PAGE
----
"driving towards Grasmere, we both agreed that while this area is stunningly beautiful, we both enjoyed the North Pennines and the ancient history there, much more. Driving past mountains, fields and old houses, sheep, fences and poplars, I just didn't feel as if I were in another country. The landscape is so similar to much I have seen at home in Tasmania, country NSW and Victoria. the only thing missing was the eucalyptus!!"
that said, it is still beautiful and we have enjoyed our three days here.
As we drove towards Grasmere, our chosen stop for morning tea, the scenery changed, while Ullswater is more wilderness similar to Cradle Mountain in Tasmania, Grasmere was looking more like Bowral or Mittagong in the southern highlands of NSW.
There is village after village and we cannot stop at every single one to have a look. What I keep reminding myself is, that I will have one whole month in Cornwall, to explore every village if I wish to. And that is really the purpose of my trip here to England.. the north is a little detour for a short time.
Morning tea at Grasmere.. another scone.. this time we share, because I had asked Joe to help me control myself with these things. They are lethal. Scone, butter, jam and clotted cream..this one was homemade in an AGA and it was the best so far.. I began to wish that I had not shared.. oh, and the cup of tea..[note to self: begin to make pots of tea at home again]. The tea here reminds me so much of my Pa.. a real, good cuppa!!
[Jemima Puddleduck at Beatrix Potter exhibition]and then on our way to Bowness on Windermere to Beatrix Potter attraction... something I would normally not do, but it sounded brilliant.. and yes, it was.
Joe in Mr. McGregors garden.. naughty boy!
a quick lunch in the Beatrix Potter tea rooms [roasted butternut and sweet potato soup (with small chunks of sweet potato in it, served with a ham sandwich.] and we were off towards the Dales!!
finally, the scenery begins to change..at last, we feel as if we are in Herriot country
and we are!...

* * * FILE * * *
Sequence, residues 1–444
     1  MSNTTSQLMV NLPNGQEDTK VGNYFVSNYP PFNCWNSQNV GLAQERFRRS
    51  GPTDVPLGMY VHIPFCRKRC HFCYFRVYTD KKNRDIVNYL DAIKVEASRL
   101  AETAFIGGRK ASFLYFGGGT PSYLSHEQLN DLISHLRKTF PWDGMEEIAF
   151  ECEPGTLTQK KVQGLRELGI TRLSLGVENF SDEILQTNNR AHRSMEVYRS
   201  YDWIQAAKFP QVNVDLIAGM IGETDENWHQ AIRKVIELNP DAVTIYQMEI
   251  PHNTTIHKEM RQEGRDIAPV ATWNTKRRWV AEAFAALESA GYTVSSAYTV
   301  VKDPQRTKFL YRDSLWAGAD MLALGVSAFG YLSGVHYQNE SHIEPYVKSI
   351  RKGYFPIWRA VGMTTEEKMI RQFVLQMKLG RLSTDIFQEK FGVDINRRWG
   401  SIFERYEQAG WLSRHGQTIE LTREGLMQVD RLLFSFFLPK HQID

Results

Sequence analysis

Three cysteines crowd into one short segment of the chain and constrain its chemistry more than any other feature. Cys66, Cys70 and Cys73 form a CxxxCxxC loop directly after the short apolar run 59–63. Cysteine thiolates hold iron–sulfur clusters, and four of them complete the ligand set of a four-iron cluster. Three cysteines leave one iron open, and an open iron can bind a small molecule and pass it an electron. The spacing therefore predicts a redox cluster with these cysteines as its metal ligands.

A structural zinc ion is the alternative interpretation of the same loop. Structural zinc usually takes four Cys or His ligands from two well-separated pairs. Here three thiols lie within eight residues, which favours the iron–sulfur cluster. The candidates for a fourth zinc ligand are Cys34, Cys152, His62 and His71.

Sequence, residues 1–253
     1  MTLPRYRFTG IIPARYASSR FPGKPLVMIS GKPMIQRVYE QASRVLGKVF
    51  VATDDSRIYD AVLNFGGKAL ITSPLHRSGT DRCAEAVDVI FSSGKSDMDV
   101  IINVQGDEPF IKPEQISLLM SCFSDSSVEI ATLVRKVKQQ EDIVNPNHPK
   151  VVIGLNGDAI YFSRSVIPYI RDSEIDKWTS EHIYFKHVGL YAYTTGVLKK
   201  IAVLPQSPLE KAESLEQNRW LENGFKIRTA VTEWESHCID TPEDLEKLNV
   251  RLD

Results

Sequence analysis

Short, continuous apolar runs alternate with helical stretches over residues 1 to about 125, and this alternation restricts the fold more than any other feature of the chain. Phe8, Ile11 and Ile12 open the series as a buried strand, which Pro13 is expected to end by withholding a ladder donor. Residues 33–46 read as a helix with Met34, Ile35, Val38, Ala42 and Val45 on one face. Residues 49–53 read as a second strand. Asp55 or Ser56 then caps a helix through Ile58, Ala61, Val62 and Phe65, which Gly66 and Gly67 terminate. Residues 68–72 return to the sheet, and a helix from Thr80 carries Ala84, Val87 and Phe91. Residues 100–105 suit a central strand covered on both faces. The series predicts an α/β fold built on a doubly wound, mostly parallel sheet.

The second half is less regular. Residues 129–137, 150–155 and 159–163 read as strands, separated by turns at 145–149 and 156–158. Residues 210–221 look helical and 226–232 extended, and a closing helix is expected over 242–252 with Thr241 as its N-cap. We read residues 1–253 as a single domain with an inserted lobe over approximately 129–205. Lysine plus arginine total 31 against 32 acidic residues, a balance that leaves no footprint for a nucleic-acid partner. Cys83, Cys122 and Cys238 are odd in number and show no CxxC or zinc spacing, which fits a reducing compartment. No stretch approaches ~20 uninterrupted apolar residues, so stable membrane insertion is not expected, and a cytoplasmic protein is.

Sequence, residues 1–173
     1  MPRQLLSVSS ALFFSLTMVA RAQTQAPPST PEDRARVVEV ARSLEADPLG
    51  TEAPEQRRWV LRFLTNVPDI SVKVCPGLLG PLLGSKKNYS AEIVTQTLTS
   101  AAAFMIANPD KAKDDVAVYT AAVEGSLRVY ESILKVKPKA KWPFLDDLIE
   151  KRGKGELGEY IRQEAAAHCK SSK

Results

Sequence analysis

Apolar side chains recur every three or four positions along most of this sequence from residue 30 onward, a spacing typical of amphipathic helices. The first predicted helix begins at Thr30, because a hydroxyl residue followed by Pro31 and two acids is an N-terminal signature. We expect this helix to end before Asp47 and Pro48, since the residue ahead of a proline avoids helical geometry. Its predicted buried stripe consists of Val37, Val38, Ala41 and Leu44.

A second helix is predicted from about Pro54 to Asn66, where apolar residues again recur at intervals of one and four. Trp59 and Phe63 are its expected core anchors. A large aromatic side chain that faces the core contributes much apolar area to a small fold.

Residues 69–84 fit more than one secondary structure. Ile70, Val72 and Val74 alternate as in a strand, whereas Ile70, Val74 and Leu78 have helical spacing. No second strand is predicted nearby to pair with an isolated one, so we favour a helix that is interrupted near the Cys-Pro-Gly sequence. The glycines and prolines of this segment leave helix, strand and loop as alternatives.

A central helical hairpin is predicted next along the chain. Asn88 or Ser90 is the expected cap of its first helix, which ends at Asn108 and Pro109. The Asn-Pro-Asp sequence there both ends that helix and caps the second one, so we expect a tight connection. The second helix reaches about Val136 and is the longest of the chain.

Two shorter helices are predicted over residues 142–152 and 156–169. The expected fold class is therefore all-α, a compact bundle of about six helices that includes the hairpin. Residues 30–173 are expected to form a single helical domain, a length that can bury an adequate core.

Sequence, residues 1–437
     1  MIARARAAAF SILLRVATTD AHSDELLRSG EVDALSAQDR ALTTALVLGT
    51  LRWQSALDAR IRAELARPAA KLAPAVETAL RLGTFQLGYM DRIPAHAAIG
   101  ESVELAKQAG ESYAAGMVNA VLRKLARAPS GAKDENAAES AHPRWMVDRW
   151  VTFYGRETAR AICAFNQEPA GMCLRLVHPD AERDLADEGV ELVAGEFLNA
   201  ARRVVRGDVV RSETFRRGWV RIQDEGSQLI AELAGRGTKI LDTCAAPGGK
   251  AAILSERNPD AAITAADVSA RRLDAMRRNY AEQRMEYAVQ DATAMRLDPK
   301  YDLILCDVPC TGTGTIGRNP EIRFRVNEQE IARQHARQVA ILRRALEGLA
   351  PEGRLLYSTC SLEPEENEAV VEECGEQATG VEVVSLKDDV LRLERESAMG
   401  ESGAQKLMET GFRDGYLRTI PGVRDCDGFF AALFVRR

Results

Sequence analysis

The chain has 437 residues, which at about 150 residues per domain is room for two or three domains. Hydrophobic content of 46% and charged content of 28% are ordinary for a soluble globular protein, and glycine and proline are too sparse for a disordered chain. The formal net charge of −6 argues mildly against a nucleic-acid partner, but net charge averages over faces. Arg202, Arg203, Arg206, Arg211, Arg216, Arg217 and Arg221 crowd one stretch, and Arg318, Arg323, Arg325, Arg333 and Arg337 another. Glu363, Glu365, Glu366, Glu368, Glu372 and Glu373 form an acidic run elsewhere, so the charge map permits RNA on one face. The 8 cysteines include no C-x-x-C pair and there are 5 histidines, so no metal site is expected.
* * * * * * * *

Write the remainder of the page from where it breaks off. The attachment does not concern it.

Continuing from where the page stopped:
once, the moorland provided turf, peat, timber, heather and game. As well as lead and coal. now it is National Park. however,original farms are still allowed to operate. Thank heavens that this kind of area is now protected from exploitation!!
looking down into farms & farmhouses, green rolling hills and every so often, a village. we are in the Swaledale area, [Yorkshire national park]
We are staying in the little village of Reeth, which has a village green and a pub. Tiny little laneways where houses sit right on the edge of the street. All connected somehow. It is divine, really. Our cottage is called Moor View [most probably, mid 18th century built for landless lead miners or quarry workers].. and on arriving we collected the key from Clive, the caretaker, who welcomed us, told us that there was plenty of coal for the fire, milk in the fridge and left some shortbread for us. He also told us that this village and area was actually where the series James Herriot was filmed. Yet another serendipitous choice. Why did I choose this village? I have no idea, it just happened, as things seem to be doing on this trip.
So here we are. In the little village of Reeth, wind howling outside, in a Yorkshire cottage called Moor View, with a coal fire burning ~ what dreams are made of.
a year later - 2013
I will never, ever forget coming upon The Dales from Whitaside Moor. The view as I am sure I have mentioned was breath taking. This is the moment when Yorkshire stole my heart and it only got better. We were adopted, welcomed and loved by the villagers in the short time we were there. The cottage was perfectly brilliant and the wind was to order. *sigh*.. I will return to Yorkshire oneday.